Changes To Canadian Oath Of Citizenship To Recognize First Nations Tabled In Parliament

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The proposed change will recognize rights of First Nations, Inuit and Métis Peoples. The amendment to the Oath demonstrates the Government’s commitment to reconciliation and to the findings of the Truth and Reconciliation Commission.

OTTAWA – Immigration Minister Marco E. L. Mendicino introduced a Bill to amend the Citizenship Act to change Canada’s Oath of Citizenship this week which will recognize First Nations.

“The Oath is a solemn declaration that all newcomers recite during the citizenship ceremony. With this amendment, we will take an important step towards reconciliation by encouraging new Canadians to fully appreciate and respect the significant role of Indigenous Peoples in forming Canada’s fabric and identity,” said Mendicino.

The bill responds to the recommendations of the Truth and Reconciliation Commission by inserting text that refers to the rights of Indigenous Peoples.

The Government of Canada is committed to reconciliation and a renewed relationship with Indigenous Peoples based on recognition of rights, respect, co-operation and partnership. The proposed amendment to the Oath demonstrates the Government’s commitment to reconciliation and to the findings of the Truth and Reconciliation Commission.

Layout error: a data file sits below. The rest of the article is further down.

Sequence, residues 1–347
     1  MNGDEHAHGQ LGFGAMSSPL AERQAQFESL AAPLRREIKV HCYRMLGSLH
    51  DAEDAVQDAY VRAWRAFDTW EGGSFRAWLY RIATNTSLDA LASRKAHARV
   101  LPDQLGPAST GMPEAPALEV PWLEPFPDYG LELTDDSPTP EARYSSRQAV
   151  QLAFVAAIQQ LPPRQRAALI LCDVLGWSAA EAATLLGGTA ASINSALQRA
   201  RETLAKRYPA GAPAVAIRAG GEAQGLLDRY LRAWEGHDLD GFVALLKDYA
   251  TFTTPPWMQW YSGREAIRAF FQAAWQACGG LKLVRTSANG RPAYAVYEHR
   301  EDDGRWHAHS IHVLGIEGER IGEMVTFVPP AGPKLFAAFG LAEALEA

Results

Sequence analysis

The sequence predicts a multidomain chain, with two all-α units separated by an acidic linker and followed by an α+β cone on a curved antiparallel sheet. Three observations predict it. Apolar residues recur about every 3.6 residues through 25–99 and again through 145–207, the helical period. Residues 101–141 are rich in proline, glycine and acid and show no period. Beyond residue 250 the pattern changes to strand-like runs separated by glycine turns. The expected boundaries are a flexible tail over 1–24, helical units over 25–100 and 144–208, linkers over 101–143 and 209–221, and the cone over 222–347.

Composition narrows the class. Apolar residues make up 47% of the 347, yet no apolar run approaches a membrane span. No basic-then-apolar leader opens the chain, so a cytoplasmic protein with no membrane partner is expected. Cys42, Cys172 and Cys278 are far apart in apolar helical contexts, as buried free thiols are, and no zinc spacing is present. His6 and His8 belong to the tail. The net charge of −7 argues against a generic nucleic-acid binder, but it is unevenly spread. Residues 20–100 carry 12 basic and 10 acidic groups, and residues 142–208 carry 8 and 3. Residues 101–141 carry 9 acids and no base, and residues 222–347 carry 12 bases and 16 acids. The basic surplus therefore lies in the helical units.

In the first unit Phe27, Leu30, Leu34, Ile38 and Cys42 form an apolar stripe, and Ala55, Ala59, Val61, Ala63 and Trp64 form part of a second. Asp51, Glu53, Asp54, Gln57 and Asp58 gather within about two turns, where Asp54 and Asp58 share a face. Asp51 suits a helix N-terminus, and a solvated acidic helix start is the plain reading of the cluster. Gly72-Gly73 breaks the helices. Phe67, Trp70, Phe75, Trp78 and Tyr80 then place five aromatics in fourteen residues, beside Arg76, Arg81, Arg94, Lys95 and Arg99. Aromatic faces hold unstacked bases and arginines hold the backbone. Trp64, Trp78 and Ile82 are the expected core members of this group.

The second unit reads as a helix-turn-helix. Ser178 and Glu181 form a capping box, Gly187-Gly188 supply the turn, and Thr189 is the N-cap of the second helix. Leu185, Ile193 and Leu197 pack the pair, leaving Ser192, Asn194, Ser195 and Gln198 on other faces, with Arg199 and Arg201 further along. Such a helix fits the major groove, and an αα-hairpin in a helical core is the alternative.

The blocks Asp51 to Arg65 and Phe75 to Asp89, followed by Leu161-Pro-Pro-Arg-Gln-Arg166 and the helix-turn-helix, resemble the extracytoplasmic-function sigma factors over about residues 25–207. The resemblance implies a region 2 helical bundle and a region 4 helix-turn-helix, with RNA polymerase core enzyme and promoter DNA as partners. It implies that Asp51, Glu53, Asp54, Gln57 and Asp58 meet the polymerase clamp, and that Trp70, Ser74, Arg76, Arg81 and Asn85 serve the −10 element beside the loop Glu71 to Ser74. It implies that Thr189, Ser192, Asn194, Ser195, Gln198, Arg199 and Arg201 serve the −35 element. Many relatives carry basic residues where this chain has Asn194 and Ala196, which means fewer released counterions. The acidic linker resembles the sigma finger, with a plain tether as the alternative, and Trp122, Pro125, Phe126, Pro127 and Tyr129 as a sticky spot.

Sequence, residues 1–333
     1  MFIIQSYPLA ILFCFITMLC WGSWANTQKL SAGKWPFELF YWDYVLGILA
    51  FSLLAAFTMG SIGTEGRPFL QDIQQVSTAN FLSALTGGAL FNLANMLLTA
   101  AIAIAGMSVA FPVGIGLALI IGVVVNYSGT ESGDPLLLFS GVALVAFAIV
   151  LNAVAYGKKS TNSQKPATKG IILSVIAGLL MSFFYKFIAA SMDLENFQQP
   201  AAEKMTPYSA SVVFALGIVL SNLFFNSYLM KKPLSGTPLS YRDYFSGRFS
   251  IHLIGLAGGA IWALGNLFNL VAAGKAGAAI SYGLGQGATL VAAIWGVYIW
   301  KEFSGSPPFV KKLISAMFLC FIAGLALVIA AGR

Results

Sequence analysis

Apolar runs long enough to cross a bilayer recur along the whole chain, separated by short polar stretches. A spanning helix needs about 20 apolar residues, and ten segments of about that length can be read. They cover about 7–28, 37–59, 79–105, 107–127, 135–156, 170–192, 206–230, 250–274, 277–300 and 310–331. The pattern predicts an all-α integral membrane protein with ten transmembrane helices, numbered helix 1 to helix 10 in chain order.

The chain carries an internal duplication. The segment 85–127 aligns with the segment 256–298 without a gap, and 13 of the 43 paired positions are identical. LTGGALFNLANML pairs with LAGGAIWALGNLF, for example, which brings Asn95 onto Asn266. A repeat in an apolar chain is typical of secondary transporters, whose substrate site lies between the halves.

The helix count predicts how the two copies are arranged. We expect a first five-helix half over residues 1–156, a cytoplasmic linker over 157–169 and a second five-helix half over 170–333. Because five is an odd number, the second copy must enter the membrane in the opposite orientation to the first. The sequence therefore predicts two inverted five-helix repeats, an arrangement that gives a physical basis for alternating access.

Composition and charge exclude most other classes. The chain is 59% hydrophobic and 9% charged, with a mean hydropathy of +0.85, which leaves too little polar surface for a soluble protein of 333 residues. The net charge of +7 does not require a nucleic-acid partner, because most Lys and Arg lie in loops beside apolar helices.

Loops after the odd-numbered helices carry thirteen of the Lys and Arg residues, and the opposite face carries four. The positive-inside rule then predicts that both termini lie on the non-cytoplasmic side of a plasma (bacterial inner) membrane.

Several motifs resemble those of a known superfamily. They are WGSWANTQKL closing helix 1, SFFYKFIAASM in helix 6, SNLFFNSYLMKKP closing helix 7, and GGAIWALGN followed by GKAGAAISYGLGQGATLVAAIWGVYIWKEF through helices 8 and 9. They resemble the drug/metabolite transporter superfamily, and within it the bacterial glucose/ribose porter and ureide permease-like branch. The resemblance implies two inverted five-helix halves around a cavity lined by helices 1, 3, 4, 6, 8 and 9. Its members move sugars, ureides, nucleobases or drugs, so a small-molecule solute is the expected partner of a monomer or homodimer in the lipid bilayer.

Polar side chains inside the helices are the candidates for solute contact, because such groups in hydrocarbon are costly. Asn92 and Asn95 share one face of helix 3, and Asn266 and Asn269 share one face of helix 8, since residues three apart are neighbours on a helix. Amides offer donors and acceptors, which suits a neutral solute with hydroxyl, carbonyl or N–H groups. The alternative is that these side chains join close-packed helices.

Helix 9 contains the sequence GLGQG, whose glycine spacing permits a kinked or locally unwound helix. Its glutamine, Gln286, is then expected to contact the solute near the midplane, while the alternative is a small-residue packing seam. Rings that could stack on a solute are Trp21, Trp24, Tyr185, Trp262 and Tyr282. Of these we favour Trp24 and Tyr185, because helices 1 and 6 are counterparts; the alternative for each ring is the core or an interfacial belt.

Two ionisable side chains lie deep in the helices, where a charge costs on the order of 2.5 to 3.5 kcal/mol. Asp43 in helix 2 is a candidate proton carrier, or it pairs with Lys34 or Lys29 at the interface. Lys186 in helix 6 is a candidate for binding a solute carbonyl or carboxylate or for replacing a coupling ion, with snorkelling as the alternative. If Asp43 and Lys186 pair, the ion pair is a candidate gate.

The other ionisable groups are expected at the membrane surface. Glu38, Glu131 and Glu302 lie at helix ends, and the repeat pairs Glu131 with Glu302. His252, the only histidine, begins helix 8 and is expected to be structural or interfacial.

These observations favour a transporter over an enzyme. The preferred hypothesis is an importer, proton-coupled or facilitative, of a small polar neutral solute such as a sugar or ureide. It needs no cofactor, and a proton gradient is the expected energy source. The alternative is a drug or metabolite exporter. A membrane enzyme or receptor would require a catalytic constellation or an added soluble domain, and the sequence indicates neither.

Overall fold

The new proposed language adds references to the Aboriginal and treaty rights of First Nations, Inuit and Métis Peoples:

“I swear (or affirm) that I will be faithful and bear true allegiance to Her Majesty Queen Elizabeth the Second, Queen of Canada, Her Heirs and Successors, and that I will faithfully observe the laws of Canada, including the Constitution, which recognizes and affirms the Aboriginal and treaty rights of First Nations, Inuit and Métis Peoples, and fulfill my duties as a Canadian citizen.”

All new Canadians recite the Oath before receiving their Canadian citizenship. It is a promise to abide by the laws of Canada and to take on the rights and responsibilities of Canadian citizenship.

The Government encourages all new citizens to join the Canadian family by becoming active in their communities and upholding Canadian values.

Quick facts:

  • The Truth and Reconciliation Commission’s Final Report states: “Precisely because ‘we are all Treaty People’, Canada’s Oath of Citizenship must include a solemn promise to respect Aboriginal and Treaty rights.”
  • The Government consulted extensively with national Indigenous organizations on amendments to the Oath of Citizenship.
  • Canada supports the United Nations Declaration on the Rights of Indigenous Peoples. The Declaration recognizes Indigenous Peoples’ human rights, as well as rights to self-determination, language, equality and land.
  • Today, Indigenous People are 5% of Canada’s population—more than 1.6 million people.